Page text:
eBay is advertising direct payment as a way to avoid additional PayPal fees. However, things aren’t as straightforward as that. Along with the new payment method, eBay has introduced new final value fees. These will be discussed below, but you can probably already guess what has happened: the rates have gone up. It’s true that sellers will benefit now that PayPal no longer takes its part of your earnings, but everything considered, the financial gain is rather small.
Moreover, if you are used to getting paid in cash on collection, the new payment system will cost you more. Where before you avoided the additional PayPal fees, you will now be charged the higher final value fee no matter which payment method you choose.

Google Pay

On the plus side, with third-party payment fees gone from the equation, it has become easier for sellers to calculate the fees they will need to pay. Now that all the fees are bundled they will automatically be deducted from the sale.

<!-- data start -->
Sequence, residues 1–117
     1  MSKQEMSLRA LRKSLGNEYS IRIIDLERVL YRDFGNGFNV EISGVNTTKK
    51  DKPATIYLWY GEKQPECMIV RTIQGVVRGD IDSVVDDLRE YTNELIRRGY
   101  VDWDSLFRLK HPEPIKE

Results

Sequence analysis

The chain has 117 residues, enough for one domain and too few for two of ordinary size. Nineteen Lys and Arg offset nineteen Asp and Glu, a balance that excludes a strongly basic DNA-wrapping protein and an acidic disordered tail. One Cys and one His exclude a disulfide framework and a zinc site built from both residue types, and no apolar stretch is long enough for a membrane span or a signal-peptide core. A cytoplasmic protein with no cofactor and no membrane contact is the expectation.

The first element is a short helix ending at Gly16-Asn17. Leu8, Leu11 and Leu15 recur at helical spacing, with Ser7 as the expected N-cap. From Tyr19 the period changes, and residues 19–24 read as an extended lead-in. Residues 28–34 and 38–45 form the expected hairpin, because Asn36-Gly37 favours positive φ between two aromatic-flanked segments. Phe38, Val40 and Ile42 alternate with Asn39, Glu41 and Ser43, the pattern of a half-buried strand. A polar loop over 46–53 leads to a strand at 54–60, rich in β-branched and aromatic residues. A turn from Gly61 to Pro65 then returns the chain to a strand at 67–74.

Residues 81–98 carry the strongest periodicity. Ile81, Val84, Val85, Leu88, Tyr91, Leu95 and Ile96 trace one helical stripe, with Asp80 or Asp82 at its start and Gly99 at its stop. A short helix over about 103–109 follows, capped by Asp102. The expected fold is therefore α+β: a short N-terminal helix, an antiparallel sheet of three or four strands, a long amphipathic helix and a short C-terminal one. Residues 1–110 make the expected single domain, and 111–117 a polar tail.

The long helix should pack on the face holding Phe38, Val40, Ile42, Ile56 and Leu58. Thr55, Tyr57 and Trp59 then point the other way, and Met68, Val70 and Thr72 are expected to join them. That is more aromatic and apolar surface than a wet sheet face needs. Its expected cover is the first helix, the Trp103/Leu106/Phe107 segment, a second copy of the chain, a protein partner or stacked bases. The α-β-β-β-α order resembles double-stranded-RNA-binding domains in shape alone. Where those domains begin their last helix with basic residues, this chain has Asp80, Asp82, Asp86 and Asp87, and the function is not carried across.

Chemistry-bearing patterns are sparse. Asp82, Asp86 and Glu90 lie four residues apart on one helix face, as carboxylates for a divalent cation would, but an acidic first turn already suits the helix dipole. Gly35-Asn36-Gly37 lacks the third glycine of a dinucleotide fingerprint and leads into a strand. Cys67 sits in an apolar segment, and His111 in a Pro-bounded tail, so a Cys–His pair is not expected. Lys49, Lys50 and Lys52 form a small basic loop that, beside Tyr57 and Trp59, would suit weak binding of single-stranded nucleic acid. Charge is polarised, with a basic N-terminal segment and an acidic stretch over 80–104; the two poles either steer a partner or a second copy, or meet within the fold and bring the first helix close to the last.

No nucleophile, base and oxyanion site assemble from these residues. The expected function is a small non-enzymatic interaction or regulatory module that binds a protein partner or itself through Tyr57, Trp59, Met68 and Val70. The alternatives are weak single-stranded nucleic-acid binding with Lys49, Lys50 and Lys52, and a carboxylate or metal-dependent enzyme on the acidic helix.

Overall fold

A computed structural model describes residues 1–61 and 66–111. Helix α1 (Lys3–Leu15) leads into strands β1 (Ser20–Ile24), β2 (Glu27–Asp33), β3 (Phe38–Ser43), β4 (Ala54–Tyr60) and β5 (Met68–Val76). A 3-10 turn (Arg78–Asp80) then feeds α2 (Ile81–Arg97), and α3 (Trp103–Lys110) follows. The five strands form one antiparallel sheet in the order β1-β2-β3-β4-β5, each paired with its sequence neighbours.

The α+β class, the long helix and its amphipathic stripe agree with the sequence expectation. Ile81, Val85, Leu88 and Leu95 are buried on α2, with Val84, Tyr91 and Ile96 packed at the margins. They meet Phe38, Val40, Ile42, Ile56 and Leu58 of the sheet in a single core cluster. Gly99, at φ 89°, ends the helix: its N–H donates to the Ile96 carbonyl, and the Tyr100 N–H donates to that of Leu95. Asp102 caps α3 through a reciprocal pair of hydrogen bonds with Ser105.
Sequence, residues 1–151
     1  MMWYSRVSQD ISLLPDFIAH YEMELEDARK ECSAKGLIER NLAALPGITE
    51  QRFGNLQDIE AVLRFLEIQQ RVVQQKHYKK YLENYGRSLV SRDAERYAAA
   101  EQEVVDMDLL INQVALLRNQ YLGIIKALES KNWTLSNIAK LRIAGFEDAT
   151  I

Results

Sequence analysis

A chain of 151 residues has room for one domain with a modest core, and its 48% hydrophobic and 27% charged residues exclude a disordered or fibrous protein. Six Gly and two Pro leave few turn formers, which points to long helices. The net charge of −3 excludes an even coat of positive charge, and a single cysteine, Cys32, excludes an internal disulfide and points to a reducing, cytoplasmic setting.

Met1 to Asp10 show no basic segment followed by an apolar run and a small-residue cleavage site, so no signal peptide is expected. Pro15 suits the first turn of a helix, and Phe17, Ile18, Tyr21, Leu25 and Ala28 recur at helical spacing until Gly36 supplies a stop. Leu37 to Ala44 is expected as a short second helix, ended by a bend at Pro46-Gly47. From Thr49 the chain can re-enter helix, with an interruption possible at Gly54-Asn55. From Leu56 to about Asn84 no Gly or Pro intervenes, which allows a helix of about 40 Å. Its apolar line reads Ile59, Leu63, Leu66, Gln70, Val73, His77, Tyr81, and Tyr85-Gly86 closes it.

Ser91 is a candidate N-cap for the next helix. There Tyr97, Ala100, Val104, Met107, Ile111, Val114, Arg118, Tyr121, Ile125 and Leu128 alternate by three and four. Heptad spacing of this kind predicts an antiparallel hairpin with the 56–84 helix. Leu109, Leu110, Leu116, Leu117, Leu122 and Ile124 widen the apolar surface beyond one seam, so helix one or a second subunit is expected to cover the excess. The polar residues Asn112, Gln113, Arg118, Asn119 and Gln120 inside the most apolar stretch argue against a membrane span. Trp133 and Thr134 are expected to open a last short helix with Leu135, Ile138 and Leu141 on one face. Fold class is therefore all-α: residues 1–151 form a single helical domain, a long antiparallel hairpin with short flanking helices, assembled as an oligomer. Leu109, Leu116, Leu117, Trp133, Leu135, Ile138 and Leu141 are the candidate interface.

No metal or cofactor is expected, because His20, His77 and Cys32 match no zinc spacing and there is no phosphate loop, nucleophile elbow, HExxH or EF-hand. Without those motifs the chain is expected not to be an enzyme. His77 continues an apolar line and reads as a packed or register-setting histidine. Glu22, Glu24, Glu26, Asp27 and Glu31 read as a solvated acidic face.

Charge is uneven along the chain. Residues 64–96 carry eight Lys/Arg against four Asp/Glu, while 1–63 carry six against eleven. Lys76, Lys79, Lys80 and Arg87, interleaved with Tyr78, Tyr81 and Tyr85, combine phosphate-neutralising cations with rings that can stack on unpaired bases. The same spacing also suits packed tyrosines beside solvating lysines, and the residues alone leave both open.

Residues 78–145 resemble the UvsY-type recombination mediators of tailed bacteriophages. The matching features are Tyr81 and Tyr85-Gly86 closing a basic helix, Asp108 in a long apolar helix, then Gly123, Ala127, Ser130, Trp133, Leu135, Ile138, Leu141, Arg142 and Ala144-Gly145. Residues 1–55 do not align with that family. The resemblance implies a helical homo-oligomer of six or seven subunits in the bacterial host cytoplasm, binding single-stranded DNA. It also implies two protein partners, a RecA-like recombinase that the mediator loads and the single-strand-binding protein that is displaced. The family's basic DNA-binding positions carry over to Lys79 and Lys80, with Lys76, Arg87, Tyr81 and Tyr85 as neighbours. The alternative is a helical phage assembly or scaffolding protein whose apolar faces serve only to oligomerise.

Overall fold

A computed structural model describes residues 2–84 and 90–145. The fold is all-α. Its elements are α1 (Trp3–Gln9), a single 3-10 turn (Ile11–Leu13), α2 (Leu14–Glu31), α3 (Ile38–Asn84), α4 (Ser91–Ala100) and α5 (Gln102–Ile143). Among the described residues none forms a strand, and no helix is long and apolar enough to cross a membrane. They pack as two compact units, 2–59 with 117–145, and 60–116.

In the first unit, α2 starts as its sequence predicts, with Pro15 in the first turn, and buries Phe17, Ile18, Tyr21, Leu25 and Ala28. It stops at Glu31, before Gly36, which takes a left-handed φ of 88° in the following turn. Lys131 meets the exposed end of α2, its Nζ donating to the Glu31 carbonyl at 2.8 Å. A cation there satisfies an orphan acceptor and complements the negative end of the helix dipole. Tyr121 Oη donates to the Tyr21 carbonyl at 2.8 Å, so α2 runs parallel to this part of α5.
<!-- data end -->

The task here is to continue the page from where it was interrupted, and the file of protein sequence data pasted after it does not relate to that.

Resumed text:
Finally, if this change means you will no longer use your PayPal account, make sure you completely close it down. PayPal charges an inactivity fee if there has been no activity in the previous 12 months. 

eBay’s Seller Fees

When you list and sell items on eBay, you need to pay fees. Not a single fee, but fees, plural form.
There are two main types of selling fees: an insertion fee which is based on your listing and a final value fee which is charged when your item sells.
But that’s not all! If your payment transaction is happening through PayPal, a small part of your earnings will end up in PayPal’s hands.
Let’s take a look at how eBay fees work and what you should know before setting a price!

Insertion Fees

The first fee you will bump into will be the insertion fee. This fee is charged when you list an item. It applies to both auction-style and fixed price listings. eBay has decided to increase the amount of free listings. You will now get up to 250 zero insertion fee listings a month instead of 200.

Listing more than 250 items will cost you $0.35 per listing, although there are some exceptions. Guitars & Basses for instance, are always free to list, while listing heavy equipment or food trucks will always cost you $20 per listing.